I rise to speak to amendment (f) in my name and that of other right hon. and hon. Members. Briefly, it would give the UK Government the unilateral right to exit the backstop at a time of their choosing. It is very straightforward: the UK could not find itself suspended indefinitely in a backstop. If the amendment is passed, it would allow the UK to choose the time to exit, had we entered the backstop; the UK would not have to seek EU approval to do so.
I speak with some sadness. The negotiations to date have been approached as a problem to be solved, rather than as an opportunity to be seized. I, for one, do not like the transition period, but in any negotiation—in particular after 40 to 45 years of integration—there has to be an element of compromise, and I am willing to accept that. The backstop, however, is the real problem for many on the Conservative Benches.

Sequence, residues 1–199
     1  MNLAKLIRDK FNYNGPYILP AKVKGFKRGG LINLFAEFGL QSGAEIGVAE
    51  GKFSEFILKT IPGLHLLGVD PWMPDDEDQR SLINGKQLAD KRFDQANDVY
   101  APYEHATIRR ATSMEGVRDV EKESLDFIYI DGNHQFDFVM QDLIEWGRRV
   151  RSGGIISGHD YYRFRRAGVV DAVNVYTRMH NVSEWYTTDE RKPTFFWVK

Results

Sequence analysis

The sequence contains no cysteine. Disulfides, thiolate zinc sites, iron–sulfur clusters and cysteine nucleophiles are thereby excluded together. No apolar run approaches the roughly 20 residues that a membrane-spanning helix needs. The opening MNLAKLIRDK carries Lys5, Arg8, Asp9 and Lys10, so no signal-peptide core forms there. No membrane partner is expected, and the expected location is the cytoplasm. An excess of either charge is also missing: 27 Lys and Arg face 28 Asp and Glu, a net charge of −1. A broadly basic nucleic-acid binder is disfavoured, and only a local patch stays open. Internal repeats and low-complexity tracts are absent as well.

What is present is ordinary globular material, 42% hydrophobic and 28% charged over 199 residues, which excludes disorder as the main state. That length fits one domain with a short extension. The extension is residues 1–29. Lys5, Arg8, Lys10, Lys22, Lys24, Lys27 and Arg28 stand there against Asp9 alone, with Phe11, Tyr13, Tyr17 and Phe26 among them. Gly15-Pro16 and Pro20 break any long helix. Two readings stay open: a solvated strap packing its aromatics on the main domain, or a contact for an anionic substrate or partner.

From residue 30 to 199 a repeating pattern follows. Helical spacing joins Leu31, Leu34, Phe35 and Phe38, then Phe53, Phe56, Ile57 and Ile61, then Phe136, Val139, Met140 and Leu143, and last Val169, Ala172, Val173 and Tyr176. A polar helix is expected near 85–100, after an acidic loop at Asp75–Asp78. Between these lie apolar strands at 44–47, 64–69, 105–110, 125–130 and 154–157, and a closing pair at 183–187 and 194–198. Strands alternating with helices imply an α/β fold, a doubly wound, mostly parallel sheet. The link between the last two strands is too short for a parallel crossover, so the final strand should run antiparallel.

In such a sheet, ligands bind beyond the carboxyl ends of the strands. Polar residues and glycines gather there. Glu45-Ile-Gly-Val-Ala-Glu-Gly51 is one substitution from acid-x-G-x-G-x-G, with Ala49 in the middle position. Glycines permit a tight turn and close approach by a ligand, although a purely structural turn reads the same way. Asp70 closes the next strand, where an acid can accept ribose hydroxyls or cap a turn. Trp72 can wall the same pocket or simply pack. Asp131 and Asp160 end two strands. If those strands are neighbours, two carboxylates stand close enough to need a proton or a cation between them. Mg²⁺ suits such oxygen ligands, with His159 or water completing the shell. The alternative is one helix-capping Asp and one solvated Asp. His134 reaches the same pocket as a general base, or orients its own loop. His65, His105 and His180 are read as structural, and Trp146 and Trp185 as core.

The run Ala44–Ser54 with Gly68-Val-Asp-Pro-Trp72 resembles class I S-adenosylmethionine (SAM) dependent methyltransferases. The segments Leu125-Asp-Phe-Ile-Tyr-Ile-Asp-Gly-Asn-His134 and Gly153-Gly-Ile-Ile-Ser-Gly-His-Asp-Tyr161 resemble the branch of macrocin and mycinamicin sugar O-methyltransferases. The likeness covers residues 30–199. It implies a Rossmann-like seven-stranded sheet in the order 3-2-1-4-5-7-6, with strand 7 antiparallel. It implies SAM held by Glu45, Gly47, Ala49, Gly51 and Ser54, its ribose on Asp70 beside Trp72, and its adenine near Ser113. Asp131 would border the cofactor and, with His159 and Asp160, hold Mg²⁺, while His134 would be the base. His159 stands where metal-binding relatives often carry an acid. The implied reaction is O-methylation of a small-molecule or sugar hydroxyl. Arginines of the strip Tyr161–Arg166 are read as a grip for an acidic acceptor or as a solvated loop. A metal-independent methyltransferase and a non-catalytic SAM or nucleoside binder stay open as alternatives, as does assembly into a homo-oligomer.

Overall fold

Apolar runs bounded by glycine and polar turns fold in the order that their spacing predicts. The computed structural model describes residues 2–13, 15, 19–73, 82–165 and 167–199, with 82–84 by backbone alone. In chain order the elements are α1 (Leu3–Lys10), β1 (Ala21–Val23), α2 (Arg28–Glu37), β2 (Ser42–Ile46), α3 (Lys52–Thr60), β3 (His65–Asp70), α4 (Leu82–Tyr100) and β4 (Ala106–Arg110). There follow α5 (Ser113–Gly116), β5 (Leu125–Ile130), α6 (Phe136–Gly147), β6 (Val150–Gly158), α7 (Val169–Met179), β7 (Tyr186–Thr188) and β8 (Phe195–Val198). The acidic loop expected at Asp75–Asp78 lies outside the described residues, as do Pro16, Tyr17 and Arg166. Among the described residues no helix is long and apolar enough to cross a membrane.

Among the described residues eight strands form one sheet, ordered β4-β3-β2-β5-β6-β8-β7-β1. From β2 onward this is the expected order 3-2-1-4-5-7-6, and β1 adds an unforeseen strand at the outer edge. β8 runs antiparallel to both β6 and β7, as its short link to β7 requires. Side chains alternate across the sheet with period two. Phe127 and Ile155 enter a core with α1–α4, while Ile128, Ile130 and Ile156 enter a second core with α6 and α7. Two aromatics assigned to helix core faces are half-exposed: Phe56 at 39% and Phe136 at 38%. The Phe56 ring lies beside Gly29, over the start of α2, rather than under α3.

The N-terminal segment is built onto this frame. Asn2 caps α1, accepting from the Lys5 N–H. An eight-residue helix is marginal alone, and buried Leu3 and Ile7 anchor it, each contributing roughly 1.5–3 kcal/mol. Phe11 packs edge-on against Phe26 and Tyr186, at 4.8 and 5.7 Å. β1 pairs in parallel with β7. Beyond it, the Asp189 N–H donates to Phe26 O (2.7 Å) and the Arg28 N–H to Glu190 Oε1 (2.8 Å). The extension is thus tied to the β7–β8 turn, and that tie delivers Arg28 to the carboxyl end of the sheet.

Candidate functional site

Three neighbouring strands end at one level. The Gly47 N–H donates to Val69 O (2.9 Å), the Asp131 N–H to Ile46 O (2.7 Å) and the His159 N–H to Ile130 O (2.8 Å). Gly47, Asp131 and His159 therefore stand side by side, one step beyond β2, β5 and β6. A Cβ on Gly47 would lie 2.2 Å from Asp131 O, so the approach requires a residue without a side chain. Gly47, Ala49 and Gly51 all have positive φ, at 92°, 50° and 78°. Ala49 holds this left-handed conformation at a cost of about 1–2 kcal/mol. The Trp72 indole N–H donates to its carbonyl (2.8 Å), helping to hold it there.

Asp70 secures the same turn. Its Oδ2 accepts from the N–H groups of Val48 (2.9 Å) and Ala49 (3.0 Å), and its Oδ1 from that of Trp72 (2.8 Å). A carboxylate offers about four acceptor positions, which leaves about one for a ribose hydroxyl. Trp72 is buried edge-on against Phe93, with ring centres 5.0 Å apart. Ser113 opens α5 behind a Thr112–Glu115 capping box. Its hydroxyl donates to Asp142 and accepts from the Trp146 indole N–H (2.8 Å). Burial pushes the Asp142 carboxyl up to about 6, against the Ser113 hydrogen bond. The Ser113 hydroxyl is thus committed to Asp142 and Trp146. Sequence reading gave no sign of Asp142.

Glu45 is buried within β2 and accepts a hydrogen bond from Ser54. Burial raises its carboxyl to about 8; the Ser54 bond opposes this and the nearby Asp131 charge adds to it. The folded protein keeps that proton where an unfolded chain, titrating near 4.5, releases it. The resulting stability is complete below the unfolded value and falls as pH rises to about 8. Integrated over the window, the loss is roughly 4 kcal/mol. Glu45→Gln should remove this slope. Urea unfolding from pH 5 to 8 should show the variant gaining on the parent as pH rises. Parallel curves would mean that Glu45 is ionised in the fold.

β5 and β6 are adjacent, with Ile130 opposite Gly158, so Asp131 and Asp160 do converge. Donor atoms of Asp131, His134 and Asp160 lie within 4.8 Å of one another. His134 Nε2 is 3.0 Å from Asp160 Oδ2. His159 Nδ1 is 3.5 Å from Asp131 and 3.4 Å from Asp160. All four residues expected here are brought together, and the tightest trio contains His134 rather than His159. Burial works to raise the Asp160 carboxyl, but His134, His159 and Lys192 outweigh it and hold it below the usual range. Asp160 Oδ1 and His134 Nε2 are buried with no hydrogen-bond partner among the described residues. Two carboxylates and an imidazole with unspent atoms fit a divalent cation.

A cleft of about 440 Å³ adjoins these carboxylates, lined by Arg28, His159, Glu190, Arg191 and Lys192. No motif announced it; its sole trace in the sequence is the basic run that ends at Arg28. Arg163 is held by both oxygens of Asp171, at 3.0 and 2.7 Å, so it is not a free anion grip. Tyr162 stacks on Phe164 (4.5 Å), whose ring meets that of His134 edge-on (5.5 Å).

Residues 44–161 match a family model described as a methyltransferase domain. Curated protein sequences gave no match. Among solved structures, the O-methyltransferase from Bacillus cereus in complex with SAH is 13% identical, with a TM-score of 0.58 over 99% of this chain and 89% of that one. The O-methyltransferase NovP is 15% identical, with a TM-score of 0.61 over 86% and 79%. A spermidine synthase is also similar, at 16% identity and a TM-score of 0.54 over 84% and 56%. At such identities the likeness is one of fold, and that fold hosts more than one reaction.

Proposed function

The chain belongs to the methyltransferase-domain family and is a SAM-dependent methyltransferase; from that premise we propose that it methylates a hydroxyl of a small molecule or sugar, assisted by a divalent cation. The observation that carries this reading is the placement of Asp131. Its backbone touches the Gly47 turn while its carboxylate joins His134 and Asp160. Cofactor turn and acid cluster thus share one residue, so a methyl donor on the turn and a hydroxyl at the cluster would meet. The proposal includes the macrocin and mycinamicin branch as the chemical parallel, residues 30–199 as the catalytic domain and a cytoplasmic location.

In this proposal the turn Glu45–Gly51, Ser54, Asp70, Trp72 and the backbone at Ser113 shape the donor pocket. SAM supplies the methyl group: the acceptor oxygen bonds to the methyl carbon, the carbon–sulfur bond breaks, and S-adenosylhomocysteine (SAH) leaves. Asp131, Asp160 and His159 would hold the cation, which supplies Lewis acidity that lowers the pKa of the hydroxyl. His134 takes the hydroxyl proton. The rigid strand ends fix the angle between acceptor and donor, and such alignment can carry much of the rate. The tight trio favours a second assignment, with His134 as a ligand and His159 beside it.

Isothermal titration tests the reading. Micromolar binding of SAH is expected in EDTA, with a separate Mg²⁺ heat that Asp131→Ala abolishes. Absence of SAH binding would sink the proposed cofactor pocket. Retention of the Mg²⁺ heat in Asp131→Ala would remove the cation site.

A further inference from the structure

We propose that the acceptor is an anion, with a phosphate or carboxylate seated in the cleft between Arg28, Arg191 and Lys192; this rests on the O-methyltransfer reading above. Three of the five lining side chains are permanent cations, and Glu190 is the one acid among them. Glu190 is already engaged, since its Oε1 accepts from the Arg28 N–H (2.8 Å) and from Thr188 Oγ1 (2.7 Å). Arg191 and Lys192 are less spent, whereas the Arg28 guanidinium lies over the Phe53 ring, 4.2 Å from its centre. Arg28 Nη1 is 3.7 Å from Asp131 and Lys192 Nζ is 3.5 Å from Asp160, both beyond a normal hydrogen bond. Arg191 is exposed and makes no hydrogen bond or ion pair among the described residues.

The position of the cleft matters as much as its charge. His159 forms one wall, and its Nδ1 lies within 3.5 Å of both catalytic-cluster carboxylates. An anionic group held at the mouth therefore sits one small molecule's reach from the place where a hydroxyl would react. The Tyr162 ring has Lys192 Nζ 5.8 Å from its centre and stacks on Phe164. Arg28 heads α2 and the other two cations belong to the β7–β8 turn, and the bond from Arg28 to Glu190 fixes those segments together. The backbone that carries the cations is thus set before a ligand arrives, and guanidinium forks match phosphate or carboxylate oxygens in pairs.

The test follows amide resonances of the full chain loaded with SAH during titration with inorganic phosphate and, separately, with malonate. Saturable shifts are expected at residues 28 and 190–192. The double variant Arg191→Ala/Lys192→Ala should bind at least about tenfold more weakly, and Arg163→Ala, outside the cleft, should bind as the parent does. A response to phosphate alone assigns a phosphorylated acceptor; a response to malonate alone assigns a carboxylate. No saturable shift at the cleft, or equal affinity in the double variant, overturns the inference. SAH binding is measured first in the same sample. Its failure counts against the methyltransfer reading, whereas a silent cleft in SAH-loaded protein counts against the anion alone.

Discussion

At the moment, the Government cannot answer this very simple question, which directly addresses the indefinite nature of the backstop: without any legal certainty with regards to our ability to exit the backstop unilaterally, what certainty is there that the EU would not play a long game, dragging out the negotiations? By further extending the transition period, which it could do, we could still be having this discussion in three, four or five years to come. That is not honouring the result of the referendum. We need to leave the EU. We need to be definite about that, and the backstop is not the answer because it is indefinite. We could be there for a very long time—